I understand the issue of it being short, but I also understand how important of issues these are -- they're the basic necessities in life.

  • Bert Lowry (unverified)
    (Show?)

    Jenni:

    I'll make a donation to the DPO for you. I encourage everyone to join me.

    I like the short platform. The long platform presents three problems: 1) it's so long no one actually reads it. 2) it provides a lot of fodder for Lars Larson and his ilk. 3) by enumerating detailed positions in one area, it implies that the lack of enumeration in another area means we don't support any specific policies in that area.

    It's fruitful to compare our platform to the Republican platform. Our platform is two pages (or thereabouts). Their platform is incredibly long and inexplicably concerned with sex, homosexuality, and sexual diseases (maybe Philip Roth wrote it).

    In other words, their platform is silly. It reads like it was cobbled together by a large committee of sexually repressed paranoiacs who couldn't agree on a verb tense, much less a coherent policy.

    It would have been funny if Saxton had run on this platform. "The problem with public education in this state, " he could have said, "is the public schools are prescribing drugs and performing abortions on our children wihtout our consent. Well, that and they promote homosexuality too much. As your governor I will direct the schools to stop prescribing and administering drugs and surgeries, and to cut back on instruction in gay sex techniques and positions."

  • GT (unverified)
    (Show?)

    Both parties are filling with a bunch of bumbling idiots! The GOP is overly concerned with things that don't matter and the DNC wants to radically increase the size and scope of the already incompetant and extremely wasteful government. I want a new party. Something that's actually progressive and gets things done - this stupid asinine quibbling over things of no substance has gotten ridiculous!

  • (Show?)
    DNC wants to radically increase the size and scope of the already incompetant and extremely wasteful government.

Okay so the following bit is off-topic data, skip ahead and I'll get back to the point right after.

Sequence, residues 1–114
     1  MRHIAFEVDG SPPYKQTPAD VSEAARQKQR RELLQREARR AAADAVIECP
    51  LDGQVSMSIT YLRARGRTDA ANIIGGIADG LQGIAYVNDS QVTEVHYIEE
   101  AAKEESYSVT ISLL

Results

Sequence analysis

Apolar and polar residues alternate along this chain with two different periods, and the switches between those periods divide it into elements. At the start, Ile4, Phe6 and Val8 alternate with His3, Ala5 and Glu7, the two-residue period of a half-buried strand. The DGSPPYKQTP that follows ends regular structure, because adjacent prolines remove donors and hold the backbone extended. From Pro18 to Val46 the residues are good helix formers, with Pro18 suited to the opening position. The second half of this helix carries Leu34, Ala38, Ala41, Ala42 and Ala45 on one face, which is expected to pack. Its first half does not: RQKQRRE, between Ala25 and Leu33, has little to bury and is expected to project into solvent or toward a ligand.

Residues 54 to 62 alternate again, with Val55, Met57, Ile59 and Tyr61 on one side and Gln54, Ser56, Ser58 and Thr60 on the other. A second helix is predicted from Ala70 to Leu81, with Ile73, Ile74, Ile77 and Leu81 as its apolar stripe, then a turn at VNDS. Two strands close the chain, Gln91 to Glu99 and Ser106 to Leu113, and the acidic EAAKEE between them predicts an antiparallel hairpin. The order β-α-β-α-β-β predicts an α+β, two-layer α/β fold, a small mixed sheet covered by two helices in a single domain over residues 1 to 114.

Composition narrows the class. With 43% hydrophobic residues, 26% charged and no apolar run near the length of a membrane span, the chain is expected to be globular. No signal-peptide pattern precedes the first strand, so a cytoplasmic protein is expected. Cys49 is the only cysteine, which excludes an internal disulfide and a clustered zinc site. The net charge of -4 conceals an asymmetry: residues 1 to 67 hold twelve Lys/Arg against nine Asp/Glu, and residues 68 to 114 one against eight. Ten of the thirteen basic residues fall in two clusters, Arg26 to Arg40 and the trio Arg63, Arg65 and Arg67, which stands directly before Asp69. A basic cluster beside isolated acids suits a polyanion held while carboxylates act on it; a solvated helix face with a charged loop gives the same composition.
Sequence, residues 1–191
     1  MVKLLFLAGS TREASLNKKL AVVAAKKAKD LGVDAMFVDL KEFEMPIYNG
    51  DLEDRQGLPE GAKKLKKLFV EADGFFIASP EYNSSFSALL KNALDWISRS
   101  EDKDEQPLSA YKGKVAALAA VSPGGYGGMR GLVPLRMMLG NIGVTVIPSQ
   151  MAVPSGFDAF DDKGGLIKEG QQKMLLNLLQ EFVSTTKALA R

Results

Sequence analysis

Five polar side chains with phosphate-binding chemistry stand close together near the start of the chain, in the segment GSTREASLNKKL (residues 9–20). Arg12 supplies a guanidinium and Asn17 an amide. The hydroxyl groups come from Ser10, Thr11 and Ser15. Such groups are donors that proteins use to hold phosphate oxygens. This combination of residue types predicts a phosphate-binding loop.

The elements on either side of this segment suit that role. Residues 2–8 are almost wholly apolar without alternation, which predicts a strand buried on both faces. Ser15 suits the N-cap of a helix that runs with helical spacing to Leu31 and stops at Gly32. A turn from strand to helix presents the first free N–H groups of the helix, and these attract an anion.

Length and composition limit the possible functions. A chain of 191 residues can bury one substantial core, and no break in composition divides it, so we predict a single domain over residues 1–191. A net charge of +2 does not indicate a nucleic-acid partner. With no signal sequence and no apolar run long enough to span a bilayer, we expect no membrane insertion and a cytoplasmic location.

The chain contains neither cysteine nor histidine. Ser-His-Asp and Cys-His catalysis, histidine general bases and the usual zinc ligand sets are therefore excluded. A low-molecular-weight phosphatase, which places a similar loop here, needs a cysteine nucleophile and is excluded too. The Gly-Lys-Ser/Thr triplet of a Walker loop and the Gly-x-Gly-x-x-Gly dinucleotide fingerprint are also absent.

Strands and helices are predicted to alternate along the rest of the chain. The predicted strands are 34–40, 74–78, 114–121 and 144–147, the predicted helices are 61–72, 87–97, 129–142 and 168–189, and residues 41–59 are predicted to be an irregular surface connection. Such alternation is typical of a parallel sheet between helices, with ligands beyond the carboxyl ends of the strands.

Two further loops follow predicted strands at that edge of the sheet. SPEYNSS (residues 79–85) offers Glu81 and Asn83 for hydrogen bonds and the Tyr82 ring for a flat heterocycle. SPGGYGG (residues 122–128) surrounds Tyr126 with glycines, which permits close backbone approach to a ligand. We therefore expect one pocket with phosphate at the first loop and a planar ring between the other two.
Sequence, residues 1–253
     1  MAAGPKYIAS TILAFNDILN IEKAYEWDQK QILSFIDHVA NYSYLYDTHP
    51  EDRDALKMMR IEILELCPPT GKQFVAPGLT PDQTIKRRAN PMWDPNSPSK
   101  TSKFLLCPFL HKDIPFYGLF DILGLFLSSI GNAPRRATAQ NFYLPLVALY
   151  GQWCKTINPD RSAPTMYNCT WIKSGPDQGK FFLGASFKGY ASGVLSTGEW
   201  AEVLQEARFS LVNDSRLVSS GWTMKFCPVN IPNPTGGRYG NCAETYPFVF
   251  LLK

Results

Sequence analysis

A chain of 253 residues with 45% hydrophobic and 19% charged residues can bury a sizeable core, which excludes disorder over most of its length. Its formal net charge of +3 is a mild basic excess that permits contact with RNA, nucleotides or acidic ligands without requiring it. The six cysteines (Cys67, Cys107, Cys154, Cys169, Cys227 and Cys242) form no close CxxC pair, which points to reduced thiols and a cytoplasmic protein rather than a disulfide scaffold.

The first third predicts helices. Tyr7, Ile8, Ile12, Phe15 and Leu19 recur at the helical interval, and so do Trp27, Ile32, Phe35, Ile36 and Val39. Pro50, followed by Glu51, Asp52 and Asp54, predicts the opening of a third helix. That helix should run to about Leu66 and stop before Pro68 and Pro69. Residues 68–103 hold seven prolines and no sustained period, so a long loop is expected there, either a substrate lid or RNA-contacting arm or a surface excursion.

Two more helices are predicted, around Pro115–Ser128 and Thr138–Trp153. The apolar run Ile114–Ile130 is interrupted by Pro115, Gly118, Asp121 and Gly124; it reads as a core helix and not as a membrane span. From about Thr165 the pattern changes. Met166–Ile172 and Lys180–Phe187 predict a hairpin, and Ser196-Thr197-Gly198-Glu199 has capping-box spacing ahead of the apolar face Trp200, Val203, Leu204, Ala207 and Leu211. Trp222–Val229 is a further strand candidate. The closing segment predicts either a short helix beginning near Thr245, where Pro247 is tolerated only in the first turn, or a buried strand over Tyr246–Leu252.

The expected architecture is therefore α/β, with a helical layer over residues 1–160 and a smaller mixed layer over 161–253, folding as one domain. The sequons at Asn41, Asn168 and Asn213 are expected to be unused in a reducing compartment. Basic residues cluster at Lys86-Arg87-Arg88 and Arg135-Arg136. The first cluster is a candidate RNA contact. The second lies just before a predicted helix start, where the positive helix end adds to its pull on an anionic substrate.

And you are basing this absurd assertion on what precisely?

  • Ron Morgan (unverified)
    (Show?)

    I am deeply disturbed when party leaders use the term "branding" to describe what should be a process of participatory democracy. When I think of branding, I think of Coca Cola, the ultimate brand, which promises happiness and fulfillment but is in reality just flavored sugar water, empty calories. Is this what we ant the Democratic Party to become, flavored sugar-water on which voters can project their desire, empty and vapid? We have been indoctrinated over the last thirty years by market forces determined to transform us from citizens into consumers. Think of the ad for Walmart that seriously intones that the two thousand some-odd dollars the big-box giant allegedly saves individuals "buys a lot of freedom." To actively work to "brand" the democratic process is, I suppose, the last step in this process. "Branding" the Democrats is the buzz term du jour, replacing the flap-doodle over Lakoff's "frames" from a few years ago. I can't imagine "branding" exercises will be any more successful than "framing" was, outside of a handful of consultants and pitchmen who sell the concept to candidates and campaign managers. What works, I mean truly engages people, energizes them and motivates them? Neighbor to neighbor, door to door. Old school Saul Alinsky organizing. Ask people what gives meaning to their lives, their hopes, their obstacles. Leave "branding" to the Coke executives and the Republican corporate plutocrats. Please.

  • GT (unverified)
    (Show?)

    "And you are basing this absurd assertion on what precisely?"

    Take Tri-Met and Amtrak as two "for instances". What companies could still survive, offer depolorable service, and still stay in business?

  • (Show?)

    What companies could still survive, offer depolorable service, and still stay in business?

    Comcast, Verizon, Verizon Wireless, PGE, Wal-Mart, Lowe's Home Improvement store, Walgreens (I worked there as a pharm tech).... the list goes on and on. There are plenty of private businesses that offer bad service, treat employees and customers like crap, and are making millions, or even billions, in profit every year. Many of which are grossly over charging their customers.

    But we digress off topic.

    Bert--

    <h2>Thank you very much. Being now unemployed the grassroots donation I already do is about as much as I can afford until I'm working again.</h2>
open discussion

connect with blueoregon